The response was swift and unflinching. The two guards leaped upon him. A resounding electrical crack echoed through the chamber, accompanied by a scream of pain. The blue earth pony hit the ground, limply. It took only a moment for him to begin to recover. Another crack, another scream, again he fell. Each time he struggled towards his feet they repeated the process. Their leader simply stood and watched until his captive could barely keep his eyes open.
Only then did he speak, stepping forward and dipping his head down. I couldn’t hear what he said, but the mirthless, vile laughter which followed told me all I needed to know. The guards gathered the broken pony and carried him away with the others. A friend, an enemy and an unknown, gone from my life forever. I sat in the darkness and cried.
Tears blurred my vision as my legs felt like dropping out from under me again. This place was dead, abandoned and destroyed. Whatever hopes I had of finding another marker here, another place to go, were dashed. I wanted to stand and cry. To just forget everything again. Let life slip away from me, return to how I had been. Pointless, meaningless, without direction or thought.
But something else lingered in the back of my mind. A quiet voice from my past. If I walked away now, what would become of Requiem? That voice insisted she needed somepony to look after her. That abandoning her was worse than dieing again. The usually dissenting voices, those which insisted hope was not worth suffering for, were strangely silent on this.
My head hung low as I stood, slowly plodding back towards Arsenal and Requiem. No matter how easy it would be, how much happier I would be, I couldn’t abandon her. She had lost her home, her family, her friends. I was all she had left. Leaving her now would mean abandoning her to a slow, lonely death. I couldn’t do that. She deserved better.
Blinking the last tears from my eyes I took a deep breath and slowly, shakily, stepped back into the light.
Arsenal was carefully picking her way across the room, avoiding touching any of the skeletons littering the floor. Somehow she managed to look even more miserable than she had when I rescued her. “How anypony could live in a place like this I will never understand.” I considered answering her, but really didn’t want to deal with it right now.
I plodded slowly back across the room, looking around for any sign of Requiem. I couldn’t feel her on my back any more. Part of me was worried, if she’d run off somewhere I might not be able to find her. But that part was quickly silenced as I caught sight of a bright red tail poking out from behind one of the overturned tables.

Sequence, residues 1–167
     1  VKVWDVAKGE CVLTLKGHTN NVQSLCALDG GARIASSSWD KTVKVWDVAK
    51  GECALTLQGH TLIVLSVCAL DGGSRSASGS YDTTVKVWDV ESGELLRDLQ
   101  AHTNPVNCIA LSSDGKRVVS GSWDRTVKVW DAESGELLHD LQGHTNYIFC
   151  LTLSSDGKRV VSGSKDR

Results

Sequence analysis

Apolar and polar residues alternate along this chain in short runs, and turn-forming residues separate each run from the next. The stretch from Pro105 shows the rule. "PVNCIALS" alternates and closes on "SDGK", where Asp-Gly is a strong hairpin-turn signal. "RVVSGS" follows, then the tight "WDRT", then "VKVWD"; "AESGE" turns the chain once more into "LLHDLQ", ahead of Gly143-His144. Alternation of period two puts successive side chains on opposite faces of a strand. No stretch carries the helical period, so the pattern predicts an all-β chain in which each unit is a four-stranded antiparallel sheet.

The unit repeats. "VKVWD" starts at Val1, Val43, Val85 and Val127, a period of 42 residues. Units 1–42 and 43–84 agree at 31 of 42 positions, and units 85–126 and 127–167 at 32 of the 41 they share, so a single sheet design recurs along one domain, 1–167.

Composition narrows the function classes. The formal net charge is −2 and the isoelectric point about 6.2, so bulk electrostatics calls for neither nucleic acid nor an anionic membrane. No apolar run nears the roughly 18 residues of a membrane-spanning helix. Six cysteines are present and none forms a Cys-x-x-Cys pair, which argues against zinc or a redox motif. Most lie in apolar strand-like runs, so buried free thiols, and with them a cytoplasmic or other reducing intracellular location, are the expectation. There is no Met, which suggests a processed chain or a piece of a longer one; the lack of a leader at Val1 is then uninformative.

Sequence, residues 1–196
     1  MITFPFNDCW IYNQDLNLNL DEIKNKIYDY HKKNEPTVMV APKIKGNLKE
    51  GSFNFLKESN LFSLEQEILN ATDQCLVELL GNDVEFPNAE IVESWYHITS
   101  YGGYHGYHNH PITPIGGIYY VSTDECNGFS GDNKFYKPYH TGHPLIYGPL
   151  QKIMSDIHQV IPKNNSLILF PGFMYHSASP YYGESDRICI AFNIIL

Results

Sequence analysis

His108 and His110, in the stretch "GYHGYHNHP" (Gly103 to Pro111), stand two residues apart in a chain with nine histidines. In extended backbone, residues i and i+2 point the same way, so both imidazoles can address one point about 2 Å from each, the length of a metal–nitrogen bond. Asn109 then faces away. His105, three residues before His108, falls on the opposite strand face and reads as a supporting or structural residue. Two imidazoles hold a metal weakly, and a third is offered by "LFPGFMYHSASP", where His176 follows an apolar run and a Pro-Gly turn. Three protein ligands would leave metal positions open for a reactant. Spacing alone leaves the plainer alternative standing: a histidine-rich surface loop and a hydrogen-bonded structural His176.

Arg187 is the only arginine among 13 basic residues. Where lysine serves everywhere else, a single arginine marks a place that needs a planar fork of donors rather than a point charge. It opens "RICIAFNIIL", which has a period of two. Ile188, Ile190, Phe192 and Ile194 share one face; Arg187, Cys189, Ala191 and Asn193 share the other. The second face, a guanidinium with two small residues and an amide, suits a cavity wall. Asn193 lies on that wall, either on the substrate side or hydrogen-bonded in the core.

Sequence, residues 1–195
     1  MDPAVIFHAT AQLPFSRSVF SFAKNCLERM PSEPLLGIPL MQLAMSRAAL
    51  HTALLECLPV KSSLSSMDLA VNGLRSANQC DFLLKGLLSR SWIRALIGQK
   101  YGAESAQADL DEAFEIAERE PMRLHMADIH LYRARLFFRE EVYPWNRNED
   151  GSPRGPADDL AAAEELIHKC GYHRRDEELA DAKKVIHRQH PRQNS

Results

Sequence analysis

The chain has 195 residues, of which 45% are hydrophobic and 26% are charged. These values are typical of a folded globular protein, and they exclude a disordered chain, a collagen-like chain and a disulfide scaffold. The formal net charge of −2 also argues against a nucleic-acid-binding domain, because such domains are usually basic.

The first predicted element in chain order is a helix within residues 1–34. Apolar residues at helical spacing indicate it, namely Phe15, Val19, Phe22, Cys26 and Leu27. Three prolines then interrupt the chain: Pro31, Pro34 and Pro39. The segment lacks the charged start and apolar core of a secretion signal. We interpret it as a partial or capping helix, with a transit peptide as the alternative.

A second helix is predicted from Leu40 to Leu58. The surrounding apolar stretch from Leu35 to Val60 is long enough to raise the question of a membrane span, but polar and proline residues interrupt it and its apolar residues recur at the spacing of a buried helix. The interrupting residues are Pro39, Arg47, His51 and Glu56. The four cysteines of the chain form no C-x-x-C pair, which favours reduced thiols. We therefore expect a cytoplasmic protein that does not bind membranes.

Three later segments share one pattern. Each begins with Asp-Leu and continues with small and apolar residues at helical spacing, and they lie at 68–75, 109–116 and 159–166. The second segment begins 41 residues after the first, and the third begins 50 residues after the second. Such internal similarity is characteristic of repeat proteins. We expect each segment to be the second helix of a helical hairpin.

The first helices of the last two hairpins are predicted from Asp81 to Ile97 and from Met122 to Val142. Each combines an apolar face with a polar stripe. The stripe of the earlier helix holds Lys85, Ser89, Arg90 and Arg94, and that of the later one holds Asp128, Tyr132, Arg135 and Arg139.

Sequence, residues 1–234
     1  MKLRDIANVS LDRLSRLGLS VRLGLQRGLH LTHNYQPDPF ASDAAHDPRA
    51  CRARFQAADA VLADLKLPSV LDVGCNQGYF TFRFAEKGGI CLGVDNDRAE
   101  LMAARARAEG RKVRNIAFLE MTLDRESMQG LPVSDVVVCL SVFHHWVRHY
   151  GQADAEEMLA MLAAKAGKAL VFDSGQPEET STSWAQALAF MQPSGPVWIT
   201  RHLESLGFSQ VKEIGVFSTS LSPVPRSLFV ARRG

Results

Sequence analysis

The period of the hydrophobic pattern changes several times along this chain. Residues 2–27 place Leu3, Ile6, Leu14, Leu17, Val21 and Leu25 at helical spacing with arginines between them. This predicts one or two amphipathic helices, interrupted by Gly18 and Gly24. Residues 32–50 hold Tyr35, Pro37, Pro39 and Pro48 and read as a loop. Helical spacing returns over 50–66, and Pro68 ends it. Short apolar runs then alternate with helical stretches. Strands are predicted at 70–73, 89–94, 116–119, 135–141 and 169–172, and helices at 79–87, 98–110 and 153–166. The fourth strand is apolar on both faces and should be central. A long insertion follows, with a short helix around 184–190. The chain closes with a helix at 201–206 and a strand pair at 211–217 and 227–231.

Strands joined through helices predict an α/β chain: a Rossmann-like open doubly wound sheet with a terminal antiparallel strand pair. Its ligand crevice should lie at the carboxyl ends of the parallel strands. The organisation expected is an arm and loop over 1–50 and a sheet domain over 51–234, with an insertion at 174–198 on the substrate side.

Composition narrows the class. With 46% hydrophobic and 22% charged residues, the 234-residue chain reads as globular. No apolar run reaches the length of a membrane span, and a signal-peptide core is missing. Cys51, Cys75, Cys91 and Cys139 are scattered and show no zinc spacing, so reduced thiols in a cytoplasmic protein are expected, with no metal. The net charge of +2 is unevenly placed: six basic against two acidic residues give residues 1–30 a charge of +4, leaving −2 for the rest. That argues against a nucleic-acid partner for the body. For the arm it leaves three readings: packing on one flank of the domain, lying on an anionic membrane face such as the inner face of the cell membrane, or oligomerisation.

Requiem had taken up a place behind it, directly beneath a light, reading her magazine. She backed away the moment she noticed me looking over the table. My heart ached again as I had to swallow the urge to start crying again. Even now she didn’t trust me. I wasn’t sure if she ever would. My imagination sprang up as I saw a future of her growing up and growing old, never speaking a word or connecting with anypony. A lonely, damaged, pained life. All I could do was whisper, “I’m sorry...” closing my eyes and stepping away. How much I wanted to reassure her the world would be well again. To tell her she didn’t have to fear. But I knew better than that. I just couldn’t bring myself to lie to her about something that important.
For a moment I was at a loss. I had nowhere left to go. This place was empty and abandoned. No new markers. The only memories here were as desolate as my surroundings. The slavers had been here once, but that was long ago. I had come so far, done so much, and now there was nothing? My head throbbed, my legs ached.
I stormed across the room, smashing skeletons as hard as I could, “Why? Why doesn’t anyone have any answers!?” without thinking I scooped one of the skulls up with my magic and glared at it, “Who am I!? Who were you? Where did I come from? Why can’t I remember? What happened to me??” Unreasonable demands, even for a living pony. I hurled the skull across the room as hard as I could, over the walls and out of the light.
Arsenal groaned quietly as she sat in a small clear area surrounded by skeletons, “I want to go home...” her voice was quiet and shaky.
Without thinking I snapped back, “Then go! Fly off back home! Leave the world behind! Why should you care!?”
The pegasus responded in misery, even worse than before, “I can’t fly... Can’t go home.”